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Helicobacter. 1996 Mar;1(1):52-6.

Atrophic changes of gastric mucosa are caused by Helicobacter pylori infection rather than aging: studies in asymptomatic Japanese adults.

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Third Department of Internal Medicine, Hokkaido University School of Medicine, Sappora, Japan.



The current study was designed to evaluate the effect of aging and Helicobacter pylori infection on the gastric mucosa in asymptomatic Japanese adults.


Eighty-five asymptomatic healthy adults were recruited from a health-screening center in Sapporo. All subjects underwent endoscopy and gastric biopsy, and serum was obtained for IgG antibodies to H. pylori, serum gastrin, and pepsinogen levels.


The prevalence of atrophic change of the gastric mucosa assessed by pathological findings increased with age (49% in the 30- to 39-year-old group compared to 89% in those 60 years and older, p < .001). The frequency of intestinal metaplasia also increased with age (38% in the 30- to 39-year-old group compared to 82% in those 60 years and older, p < .001). In contrast, the frequency of atrophic gastritis and intestinal metaplasia was extremely low in the H. pylori seronegative group regardless of age. Mean serum gastrin level in H. pylori-positive adults was significantly greater than in those who were H. pylori-negative (114.3 +/- 11.2 compared to 65.8 +/- 6.5 pg/ml, p < .03). The serum pepsinogen I-II ratio was significantly lower in those with H. pylori infection than in those without (3.1 compared to 6.6, p < .0001).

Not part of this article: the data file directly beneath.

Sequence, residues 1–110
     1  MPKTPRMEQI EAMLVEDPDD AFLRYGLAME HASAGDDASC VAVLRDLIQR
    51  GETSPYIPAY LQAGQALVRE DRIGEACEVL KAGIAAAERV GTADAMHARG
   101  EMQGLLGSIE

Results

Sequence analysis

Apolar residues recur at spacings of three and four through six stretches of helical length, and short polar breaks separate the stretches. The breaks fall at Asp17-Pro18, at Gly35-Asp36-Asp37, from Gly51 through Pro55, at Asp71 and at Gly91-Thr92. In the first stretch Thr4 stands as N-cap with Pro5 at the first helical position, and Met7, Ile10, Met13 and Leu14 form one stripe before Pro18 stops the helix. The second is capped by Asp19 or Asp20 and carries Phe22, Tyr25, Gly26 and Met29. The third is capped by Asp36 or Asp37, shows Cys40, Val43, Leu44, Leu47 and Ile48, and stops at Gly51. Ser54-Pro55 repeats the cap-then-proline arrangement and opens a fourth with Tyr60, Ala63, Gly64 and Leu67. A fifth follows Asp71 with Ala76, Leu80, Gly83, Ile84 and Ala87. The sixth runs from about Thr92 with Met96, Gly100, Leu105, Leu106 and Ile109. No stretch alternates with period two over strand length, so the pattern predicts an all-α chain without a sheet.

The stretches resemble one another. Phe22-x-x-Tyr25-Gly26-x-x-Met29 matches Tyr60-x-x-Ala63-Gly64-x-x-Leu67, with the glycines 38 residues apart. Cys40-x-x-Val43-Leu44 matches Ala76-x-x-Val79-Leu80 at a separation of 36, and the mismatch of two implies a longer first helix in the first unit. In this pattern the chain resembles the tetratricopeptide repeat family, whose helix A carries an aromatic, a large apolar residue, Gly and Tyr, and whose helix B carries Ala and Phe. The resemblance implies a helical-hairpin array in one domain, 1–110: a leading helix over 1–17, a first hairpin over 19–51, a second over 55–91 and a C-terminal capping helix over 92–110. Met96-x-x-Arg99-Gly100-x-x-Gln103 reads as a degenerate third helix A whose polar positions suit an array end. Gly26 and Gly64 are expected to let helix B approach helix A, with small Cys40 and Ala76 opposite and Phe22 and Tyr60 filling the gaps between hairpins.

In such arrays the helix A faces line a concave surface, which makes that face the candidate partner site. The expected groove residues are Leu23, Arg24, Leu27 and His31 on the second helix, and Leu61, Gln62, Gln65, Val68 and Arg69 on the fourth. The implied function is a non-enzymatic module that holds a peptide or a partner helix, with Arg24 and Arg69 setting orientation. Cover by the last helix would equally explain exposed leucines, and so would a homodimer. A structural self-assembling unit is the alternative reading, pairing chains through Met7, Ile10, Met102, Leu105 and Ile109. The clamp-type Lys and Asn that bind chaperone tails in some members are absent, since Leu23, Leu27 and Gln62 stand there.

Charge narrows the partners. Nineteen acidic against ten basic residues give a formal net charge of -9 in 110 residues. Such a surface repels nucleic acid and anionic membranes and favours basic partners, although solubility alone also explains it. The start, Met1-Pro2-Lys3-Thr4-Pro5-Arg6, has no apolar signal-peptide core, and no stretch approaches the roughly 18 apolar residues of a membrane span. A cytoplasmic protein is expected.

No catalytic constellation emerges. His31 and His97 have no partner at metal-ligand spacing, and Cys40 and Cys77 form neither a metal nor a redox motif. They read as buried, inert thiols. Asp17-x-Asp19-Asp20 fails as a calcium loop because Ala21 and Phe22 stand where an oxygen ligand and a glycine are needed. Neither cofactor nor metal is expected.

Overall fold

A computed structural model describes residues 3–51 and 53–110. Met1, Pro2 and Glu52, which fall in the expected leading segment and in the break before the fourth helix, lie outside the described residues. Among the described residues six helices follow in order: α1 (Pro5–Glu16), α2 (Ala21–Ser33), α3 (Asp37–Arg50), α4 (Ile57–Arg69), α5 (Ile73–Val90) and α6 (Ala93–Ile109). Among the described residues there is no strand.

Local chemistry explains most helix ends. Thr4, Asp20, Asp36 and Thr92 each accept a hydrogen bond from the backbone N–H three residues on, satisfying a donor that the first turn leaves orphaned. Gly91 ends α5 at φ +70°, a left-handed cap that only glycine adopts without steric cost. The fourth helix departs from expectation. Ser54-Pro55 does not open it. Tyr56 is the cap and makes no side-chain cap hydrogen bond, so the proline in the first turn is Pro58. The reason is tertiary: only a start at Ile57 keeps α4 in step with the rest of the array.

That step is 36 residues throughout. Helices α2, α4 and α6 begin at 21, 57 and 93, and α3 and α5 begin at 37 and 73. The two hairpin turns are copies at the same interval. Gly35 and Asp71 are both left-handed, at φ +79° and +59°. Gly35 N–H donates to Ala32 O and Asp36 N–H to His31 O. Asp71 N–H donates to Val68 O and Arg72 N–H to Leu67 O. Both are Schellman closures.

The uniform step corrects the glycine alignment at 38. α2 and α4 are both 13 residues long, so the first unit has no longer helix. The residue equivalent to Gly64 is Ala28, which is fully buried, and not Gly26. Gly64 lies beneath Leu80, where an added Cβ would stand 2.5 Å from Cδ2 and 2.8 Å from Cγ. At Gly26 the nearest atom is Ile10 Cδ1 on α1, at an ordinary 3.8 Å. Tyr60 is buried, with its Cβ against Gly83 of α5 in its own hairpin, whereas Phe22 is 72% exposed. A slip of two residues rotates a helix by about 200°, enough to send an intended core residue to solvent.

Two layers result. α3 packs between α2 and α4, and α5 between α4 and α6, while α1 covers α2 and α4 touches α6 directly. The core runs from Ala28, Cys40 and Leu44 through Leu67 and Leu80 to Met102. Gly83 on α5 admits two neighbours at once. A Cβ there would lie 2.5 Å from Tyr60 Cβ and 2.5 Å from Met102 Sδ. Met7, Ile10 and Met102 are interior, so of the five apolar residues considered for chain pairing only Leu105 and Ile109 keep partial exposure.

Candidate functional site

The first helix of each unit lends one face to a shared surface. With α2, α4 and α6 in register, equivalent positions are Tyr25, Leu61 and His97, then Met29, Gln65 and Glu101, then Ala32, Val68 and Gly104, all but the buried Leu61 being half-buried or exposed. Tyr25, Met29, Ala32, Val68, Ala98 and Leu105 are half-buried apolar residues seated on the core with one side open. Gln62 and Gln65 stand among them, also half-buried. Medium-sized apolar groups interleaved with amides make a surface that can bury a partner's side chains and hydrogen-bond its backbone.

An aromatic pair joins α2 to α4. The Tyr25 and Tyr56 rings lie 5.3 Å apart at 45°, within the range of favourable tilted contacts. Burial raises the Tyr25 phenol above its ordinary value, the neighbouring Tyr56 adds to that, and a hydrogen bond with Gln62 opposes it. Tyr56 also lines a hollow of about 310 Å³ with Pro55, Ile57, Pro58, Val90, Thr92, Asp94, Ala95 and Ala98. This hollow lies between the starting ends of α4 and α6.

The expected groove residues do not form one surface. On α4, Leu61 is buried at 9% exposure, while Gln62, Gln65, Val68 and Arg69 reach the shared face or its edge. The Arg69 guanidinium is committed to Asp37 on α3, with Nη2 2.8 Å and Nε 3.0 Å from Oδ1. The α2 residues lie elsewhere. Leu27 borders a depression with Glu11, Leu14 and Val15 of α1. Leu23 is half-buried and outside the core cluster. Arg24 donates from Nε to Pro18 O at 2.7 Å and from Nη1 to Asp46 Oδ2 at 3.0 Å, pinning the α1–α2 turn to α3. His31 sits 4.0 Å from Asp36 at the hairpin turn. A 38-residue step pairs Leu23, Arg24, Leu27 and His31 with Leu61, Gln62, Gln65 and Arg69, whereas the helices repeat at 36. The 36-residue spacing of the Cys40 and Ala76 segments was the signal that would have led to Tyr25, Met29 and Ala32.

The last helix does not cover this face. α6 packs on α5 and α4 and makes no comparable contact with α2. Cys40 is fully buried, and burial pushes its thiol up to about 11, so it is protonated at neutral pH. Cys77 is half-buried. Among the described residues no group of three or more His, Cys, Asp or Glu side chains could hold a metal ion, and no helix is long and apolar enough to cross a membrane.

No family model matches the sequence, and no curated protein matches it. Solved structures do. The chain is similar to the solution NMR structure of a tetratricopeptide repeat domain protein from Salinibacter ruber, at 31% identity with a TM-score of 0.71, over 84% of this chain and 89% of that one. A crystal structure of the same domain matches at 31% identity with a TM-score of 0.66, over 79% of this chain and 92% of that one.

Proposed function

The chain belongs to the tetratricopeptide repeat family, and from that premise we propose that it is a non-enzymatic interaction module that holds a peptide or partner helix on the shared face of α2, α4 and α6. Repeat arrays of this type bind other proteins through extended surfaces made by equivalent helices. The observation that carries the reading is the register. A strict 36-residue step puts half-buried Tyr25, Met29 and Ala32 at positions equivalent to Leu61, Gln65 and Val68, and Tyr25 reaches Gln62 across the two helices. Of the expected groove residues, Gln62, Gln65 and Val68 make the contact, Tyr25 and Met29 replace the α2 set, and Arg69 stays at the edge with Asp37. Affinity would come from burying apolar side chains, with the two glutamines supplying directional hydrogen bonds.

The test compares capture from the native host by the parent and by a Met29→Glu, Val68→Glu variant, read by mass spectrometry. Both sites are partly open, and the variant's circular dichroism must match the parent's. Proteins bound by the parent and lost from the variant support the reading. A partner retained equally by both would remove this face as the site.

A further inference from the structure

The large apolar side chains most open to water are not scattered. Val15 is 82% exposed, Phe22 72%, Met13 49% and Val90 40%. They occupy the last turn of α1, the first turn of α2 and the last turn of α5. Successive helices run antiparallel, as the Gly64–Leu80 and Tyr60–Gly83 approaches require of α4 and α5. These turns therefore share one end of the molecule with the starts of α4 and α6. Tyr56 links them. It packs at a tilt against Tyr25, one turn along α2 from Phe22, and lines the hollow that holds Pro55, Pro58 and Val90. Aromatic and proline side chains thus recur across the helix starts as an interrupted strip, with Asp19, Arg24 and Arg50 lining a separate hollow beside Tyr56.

These results suggest that the chronological changes in the gastric mucosa in Japanese individuals are either entirely related to H. pylori infection or the process is greatly accelerated by H. pylori infection.

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